From Kimberly Scrivener, Senior Planner, Puget Sound Regional Council.
The Puget Sound Regional Council is updating the Regional Bicycle Network and looking for feedback.
The Regional Bicycle Network is a set of existing, planned and aspirational connections that, once built, will connect people to regional destinations through a safe bicycling network. This is currently part of the adopted Active Transportation Plan; PSRC is updating this network to ensure consistency with recently adopted comprehensive plans and other recent planning efforts.
The update will include:
- working with local jurisdictions
- hosting charrette style workshops in each county so planners can work with neighboring jurisdictions, public health and bicycle advocacy groups;
- working closely with the Bicycle and Pedestrian Advisory Committee as well as other PSRC committees and countywide groups for comment.
More information about the development of the network, what is being updated, and how to submit comments can be found on the PSRC website.
Meanwhile… SAVE THE DATE for a local charrette style workshop:
Pierce County: Wednesday February 8, 2:00-3:30pm. Tacoma Nature Center (Snake Lake), 1919 S. Tyler Street, Tacoma
King County: Tuesday, February 21, 1–2:30pm. Bellevue City Hall, 450 110th Ave NE, Bellevue, Room 1E-120
Snohomish County: Wednesday March 1, 2:00-3:30pm. Snohomish County Campus, 3000 Rockefeller Ave., Everett
The charrette will be held in the public meeting rooms 1 & 2 on the first floor
Kitsap County: Thursday March 9, 2:30 – 4pm (just after Kitsap’s Transportation Committee meeting). 60 Washington Avenue, Suite 200 Bremerton
Puget Sound Regional Bicycle Network FAQs
What is the Puget Sound Regional Council?
PSRC is the Metropolitan Planning Organization (MPO) for the Puget Sound Region which includes Kitsap, Snohomish, King and Pierce counties. PSRC is a member organization made up of the cities, counties, transit agencies, tribes and ports and is governed by boards made up of members. PSRC plans regionally for transportation, growth management and economic development.
Why is PSRC developing a Regional Bicycle Network?
This planning effort is part of the region’s Active Transportation Plan which is a component of the Regional Transportation Plan, Transportation 2040. Both Transportation 2040 and VISION 2040, the region’s plan for growth, call for the development of a regional bicycle network. The Regional Bicycle Network was originally adopted in 2014 and will be updated as part of the 2018 Update. More information about the development and framework can be found in section 4.4 of the Active Transportation Plan.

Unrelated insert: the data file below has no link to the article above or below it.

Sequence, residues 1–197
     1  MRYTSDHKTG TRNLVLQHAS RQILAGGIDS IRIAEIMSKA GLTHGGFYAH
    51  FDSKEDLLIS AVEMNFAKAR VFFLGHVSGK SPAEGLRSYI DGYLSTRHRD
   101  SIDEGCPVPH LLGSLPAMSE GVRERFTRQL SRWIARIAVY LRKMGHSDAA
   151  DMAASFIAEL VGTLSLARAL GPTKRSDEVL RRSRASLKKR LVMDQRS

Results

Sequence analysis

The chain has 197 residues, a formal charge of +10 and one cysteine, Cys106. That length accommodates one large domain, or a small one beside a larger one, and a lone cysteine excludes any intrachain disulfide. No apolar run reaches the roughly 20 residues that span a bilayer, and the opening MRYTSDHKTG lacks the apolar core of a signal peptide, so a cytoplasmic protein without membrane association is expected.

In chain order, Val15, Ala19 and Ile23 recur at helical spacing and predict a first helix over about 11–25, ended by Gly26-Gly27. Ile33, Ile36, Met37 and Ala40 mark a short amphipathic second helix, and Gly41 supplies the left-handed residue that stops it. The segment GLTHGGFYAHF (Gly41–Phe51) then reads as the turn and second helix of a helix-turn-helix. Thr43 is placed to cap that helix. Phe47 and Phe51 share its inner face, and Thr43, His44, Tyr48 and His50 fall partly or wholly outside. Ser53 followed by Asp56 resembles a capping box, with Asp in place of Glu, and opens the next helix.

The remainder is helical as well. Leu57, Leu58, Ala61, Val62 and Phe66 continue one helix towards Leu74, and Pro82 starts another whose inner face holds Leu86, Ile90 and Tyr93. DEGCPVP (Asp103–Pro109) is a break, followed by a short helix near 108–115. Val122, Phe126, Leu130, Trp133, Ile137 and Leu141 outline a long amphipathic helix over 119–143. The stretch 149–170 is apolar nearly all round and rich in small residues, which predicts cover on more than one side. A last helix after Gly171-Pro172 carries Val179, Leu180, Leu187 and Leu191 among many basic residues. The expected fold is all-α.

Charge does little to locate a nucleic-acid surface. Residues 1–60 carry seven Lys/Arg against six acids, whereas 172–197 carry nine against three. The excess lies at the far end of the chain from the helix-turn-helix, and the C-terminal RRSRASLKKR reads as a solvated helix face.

The purpose of the Regional Bicycle Network is to highlight completed, planned and aspirational linkages that, once built, will connect people of all ages and abilities to regional destinations safely by bicycle. This effort is to highlight local planning efforts, emphasize important regional connections and provides a framework for coordinating across jurisdictional boundaries. It is also a way for PSRC to highlight important gaps in the regional system for decision-makers.
What criteria were used to developed this network?
PSRC spent a year during 2011 and 2012 working closely with the Bicycle and Pedestrian Advisory Committee (BPAC) and conducting outreach to local jurisdictions. The BPAC helped to identify which connections should be most considered when assessing connectivity to regional destinations. These included a focus on access to centers, major transit destinations, major parks, higher education, military bases and employment hubs as well as connections to the wider regional trail system.
What kind of outreach was conducted during the development of this network?
The BPAC spent many months in 2012 and 2013 conducting peer review, developing the criteria and conducting outreach to local jurisdictions and PSRC committees. This included outreach to PSRC’s Regional Staff Committee, Transportation Operators Committee and the Special Needs Transportation Committee as well as to each of the four countywide transportation committees. PSRC also hosted eight charrettes across the region where local planners and the bicycle community were invited to collaborate and discuss cross-jurisdictional connections. These charrettes in Kent, Lynnwood, Seattle, Bremerton, Everett, Tacoma and Puyallup were well attended. The final network was recommended by the BPAC in 2013 and ultimately adopted as part of the Active Transportation Plan by the PSRC Policy Boards in 2014.
Is this a bike map that I can use to map my ride?
No. This map should not be used as a bike map (although it does include existing facilities as a background layer). It is an aspirational network of bicycle linkages that together form a regional network connecting people to regional destinations.